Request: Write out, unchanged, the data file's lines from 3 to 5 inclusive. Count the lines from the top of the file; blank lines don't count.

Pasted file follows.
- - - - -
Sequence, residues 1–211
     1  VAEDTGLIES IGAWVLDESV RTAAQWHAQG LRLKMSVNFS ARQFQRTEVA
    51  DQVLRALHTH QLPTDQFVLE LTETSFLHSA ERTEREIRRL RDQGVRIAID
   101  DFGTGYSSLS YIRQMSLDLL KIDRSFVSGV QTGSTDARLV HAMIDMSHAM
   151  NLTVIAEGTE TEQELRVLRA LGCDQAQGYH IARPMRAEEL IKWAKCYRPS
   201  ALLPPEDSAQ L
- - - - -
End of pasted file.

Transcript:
    51  DQVLRALHTH QLPTDQFVLE LTETSFLHSA ERTEREIRRL RDQGVRIAID
   101  DFGTGYSSLS YIRQMSLDLL KIDRSFVSGV QTGSTDARLV HAMIDMSHAM
   151  NLTVIAEGTE TEQELRVLRA LGCDQAQGYH IARPMRAEEL IKWAKCYRPS